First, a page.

The Case Against Pu Zhiqiang
The looming prosecution of rights lawyer Pu Zhiqiang has become a prominent symbol of the broader crackdown on civil society under Xi Jinping. Pu is likely to face charges of illegally obtaining personal information, causing disturbance, inciting ethnic hatred, and inciting separatism, all of which he denies. The last three of these charges reportedly hinge on a series of 28 Weibo posts—collected in their original language at CDT Chinese—in which Pu criticized Chinese policies in Xinjiang and Tibet, mocked officials and Communist icon Lei Feng, and suggested that Japanese rule would have been preferable to that of the Party. From Verna Yu at South China Morning Post:
About 30 microblog messages sent by Pu from 12 weibo accounts between 2011 and 2014 were used to indict him. But his lawyer Shang Baojun said they should not constitute crimes, vouching for the authenticity of the details of Pu’s postings, which were circulated online.
Shang said Pu’s commentaries, which were often critical and harsh, fell into the domain of free speech, which should be protected by law.
“These have nothing to do with crimes,” Shang said. “It is over the top to bring several charges against Pu based on his comments.” [Source]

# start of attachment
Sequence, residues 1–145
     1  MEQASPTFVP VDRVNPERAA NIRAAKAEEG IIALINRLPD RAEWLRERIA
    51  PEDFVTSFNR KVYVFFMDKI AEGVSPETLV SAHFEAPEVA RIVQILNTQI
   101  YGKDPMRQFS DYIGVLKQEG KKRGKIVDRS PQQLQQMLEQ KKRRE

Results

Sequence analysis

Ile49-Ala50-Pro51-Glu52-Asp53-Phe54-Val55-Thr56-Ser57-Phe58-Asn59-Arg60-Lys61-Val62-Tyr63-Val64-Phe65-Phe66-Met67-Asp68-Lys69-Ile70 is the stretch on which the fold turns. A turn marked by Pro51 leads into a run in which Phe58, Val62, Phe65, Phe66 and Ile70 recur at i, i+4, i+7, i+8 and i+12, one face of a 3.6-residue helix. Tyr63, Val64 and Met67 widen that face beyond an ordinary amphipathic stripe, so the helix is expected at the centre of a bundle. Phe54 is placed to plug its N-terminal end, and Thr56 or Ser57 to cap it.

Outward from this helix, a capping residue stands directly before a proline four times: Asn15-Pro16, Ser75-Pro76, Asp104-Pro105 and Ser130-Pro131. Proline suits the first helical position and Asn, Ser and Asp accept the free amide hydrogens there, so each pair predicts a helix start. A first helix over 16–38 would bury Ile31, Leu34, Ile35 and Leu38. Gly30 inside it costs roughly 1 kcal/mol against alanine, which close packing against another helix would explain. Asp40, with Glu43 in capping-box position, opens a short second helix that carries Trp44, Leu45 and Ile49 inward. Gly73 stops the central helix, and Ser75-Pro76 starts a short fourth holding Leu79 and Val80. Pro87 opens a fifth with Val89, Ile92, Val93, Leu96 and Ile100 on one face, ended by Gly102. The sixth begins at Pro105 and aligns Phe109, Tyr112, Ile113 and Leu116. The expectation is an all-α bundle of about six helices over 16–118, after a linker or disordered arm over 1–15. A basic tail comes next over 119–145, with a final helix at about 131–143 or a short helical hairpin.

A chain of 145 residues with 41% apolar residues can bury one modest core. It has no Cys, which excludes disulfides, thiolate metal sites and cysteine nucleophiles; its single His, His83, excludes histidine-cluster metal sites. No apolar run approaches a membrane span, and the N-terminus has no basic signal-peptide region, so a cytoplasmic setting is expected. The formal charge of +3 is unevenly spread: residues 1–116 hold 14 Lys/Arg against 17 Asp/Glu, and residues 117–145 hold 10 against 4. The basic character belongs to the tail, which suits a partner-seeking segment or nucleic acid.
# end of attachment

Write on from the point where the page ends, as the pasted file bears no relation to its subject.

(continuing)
A selection of the posts is translated at China Real Time, including reactions by Pu to the Kunming and Urumqi train station attacks on March 1st and April 30th last year:
15) May 1, 2014: The frequency of Xinjiang terror attacks – of course I denounce violence, but with that said, investigations are necessary. I don’t believe all these meager dispatches from Xinhua, and I don’t believe it’s as simple as black and white. Of course, I hope that the Xinjiang legal authorities will respect the constitution and human rights, and that the paramilitary police will be paragons of benevolence when they get to Xinjiang, but the probability of either is low. When cowards run the country, they create problems everywhere. If unity comes under Zhou Yuangen (aka then-security czar Zhou Yongkang), then what the hell does it have to do with me?
[…] 21) March 2, 2014: The attackers in this awful Kunming incident have committed a grave sin. You say its Xinjiang separatist terrorism, this time I believe you. But that’s the result, not the reason. Such horrible wounds and such unbearable results, and you blame it on Xijiang separatists without taking any responsibility. I’m not satisfied. Every day you say the party’s policies are yakshi (“good” in Uighur) and the Uighurs love the party, and then you have flesh and blood splattered everywhere? Wang Lequan, you governed the western region for 10-plus years. You know that place best. Tell me why? Who are they targeting? [Source]
China’s foreign ministry and state media have expressed indignation at suggestions in foreign media that government policy played any part in cultivating unrest in Xinjiang, though state media have been more willing to encourage investigation of “root causes” following violence against Westerners and Japanese nationals.